MS: The agreement says that this Palestinian Police Force will be combined from the Palestinian from the inside [of the territories] and part of the Palestinian Police Force outside which was trained, which belongs to Palestinian army, which is located in several other countries like Egypt, Jordan, and Sudan. There was training going on for quite a number of those police. They will move to the territories. We are considering several options on how to train the bulk of the Palestinian forces. Among the options of training by the United Nations, with the UN supervising the training of the police forces.

(Editor’s Note :A Time interview with Yitzhak Rabin from September 27 contained the following exchange:

Q: What if the personal-security risks to Israelis increase?

A: If terror will continue, it means the Palestinians cannot keep their commitments, so what is the meaning of the agreement?

Q: In that case the accord would be rolled back?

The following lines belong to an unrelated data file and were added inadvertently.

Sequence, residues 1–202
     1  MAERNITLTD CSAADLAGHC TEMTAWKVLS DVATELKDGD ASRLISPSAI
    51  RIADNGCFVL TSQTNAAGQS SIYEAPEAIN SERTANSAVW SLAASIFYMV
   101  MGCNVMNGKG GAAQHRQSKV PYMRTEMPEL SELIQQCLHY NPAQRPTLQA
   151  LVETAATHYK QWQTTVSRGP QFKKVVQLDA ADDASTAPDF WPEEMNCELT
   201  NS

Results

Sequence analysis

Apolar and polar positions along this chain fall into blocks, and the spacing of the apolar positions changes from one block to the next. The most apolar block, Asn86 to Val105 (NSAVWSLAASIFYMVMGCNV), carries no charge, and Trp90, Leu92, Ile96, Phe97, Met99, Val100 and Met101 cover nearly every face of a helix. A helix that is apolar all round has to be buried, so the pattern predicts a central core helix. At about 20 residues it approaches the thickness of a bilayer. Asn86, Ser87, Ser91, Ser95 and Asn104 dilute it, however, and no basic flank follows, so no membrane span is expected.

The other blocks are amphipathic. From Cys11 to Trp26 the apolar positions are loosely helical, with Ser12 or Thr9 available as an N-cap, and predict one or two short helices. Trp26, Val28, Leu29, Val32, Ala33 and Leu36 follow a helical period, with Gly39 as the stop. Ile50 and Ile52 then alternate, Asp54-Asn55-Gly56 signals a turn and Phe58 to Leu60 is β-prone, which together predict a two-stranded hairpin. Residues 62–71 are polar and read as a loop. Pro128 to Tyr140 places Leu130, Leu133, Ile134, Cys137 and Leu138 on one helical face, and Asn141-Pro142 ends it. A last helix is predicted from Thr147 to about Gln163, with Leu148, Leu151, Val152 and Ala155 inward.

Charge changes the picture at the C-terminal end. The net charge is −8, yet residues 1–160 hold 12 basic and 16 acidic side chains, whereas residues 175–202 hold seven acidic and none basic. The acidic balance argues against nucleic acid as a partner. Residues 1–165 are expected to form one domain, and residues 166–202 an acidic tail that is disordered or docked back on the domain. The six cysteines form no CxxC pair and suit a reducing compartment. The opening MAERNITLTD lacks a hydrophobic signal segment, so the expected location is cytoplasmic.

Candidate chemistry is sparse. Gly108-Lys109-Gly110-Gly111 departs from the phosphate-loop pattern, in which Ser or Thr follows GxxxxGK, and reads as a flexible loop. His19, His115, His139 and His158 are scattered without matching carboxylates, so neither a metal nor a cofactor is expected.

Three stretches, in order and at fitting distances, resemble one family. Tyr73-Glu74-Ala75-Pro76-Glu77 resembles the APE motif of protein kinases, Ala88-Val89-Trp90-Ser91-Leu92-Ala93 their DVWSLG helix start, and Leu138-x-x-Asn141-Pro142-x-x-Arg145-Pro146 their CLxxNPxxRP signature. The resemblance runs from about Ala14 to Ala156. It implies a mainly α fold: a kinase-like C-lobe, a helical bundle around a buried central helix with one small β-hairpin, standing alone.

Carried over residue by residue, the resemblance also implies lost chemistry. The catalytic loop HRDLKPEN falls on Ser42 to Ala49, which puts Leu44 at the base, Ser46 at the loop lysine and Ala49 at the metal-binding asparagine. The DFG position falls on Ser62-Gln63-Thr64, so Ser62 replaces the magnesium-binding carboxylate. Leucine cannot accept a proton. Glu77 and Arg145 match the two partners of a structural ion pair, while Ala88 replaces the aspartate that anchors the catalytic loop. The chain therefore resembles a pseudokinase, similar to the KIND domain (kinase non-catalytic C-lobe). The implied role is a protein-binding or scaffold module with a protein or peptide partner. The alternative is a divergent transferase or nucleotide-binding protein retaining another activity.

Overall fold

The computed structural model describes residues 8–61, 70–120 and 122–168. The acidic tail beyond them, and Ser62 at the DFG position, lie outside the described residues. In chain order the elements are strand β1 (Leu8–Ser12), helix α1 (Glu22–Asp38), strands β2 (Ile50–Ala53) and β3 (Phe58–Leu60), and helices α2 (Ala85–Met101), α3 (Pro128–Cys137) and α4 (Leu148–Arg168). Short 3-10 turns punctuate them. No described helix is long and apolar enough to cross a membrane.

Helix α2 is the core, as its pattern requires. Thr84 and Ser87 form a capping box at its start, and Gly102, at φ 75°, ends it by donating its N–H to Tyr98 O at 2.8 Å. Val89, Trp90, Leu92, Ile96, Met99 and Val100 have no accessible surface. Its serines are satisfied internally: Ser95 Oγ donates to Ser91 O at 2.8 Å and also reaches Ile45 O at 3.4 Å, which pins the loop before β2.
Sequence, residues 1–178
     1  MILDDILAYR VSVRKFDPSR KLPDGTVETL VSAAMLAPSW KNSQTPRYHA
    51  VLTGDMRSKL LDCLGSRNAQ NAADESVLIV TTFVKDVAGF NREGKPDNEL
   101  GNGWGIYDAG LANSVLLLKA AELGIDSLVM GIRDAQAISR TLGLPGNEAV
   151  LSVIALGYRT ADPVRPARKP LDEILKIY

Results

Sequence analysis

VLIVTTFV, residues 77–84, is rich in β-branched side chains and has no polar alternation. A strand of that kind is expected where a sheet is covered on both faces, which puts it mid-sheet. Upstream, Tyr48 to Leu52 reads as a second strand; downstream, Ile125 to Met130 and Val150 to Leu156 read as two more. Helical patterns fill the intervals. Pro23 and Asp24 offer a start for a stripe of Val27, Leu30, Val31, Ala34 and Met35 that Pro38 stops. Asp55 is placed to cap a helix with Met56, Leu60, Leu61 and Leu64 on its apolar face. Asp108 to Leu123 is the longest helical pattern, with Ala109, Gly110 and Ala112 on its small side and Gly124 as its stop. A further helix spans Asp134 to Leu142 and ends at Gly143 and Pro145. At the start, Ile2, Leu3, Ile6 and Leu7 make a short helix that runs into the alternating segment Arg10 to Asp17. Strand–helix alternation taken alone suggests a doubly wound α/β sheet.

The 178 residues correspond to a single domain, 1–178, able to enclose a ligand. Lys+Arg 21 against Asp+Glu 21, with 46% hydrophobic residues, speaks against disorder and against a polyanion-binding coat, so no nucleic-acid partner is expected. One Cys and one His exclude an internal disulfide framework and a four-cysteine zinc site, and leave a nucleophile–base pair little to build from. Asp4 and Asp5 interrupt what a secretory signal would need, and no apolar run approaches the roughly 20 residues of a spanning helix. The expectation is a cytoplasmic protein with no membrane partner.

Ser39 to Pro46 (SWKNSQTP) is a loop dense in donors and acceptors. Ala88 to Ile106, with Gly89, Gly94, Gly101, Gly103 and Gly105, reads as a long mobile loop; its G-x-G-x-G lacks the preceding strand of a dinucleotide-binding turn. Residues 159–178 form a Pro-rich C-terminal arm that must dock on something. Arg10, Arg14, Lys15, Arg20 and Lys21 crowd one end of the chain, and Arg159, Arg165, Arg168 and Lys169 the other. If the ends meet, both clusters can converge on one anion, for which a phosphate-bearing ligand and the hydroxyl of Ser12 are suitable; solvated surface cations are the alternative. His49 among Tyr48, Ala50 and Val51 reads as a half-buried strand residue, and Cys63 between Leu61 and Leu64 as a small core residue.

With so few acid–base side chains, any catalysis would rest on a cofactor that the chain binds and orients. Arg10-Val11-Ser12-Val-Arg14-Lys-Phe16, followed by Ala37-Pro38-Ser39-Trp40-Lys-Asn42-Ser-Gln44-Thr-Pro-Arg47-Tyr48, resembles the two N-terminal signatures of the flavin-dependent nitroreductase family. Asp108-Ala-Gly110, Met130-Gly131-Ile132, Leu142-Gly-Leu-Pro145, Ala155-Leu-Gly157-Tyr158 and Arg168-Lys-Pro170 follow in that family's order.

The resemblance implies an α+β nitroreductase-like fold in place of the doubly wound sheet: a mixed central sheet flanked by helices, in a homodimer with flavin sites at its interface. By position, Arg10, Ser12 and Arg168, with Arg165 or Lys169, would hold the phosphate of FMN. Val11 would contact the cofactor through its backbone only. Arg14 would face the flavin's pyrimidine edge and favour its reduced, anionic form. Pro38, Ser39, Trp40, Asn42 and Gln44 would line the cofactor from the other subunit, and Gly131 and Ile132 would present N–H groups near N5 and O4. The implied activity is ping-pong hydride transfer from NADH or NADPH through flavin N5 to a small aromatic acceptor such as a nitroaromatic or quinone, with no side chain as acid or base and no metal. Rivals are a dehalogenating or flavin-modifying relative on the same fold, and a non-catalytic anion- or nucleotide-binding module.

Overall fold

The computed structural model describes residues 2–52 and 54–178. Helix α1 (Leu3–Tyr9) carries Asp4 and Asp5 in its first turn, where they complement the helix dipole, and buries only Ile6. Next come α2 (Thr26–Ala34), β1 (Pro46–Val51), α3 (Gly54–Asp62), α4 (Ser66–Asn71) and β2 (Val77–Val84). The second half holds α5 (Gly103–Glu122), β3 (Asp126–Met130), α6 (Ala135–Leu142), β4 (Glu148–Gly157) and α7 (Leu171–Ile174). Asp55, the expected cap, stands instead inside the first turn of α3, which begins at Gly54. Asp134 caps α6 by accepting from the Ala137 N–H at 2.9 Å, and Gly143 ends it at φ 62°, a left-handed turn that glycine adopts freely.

A: I didn’t say so. You said it.)

Q: The reason why I ask that question, the Hamas and some of the other more extreme groups have continued the violence in the territories. Can these groups be brought under control to make these agreements work?

MS: We understand their logic and their motivations. We are a democratic society, we have opponents, and the Israelis have opponents, but when the implementation of the agreement starts and the Palestinian people start seeing tangible results like the withdrawal of the Israeli forces, like the release of the political prisoners, and starting economic projects which will improve living conditions, the opposition to the agreement will eventually be very weak. The Palestinian leadership is expected to impose order in the occupied territories.

“It is understood that these negotiations shall cover remaining issues, including Jerusalem, refugees, settlements…”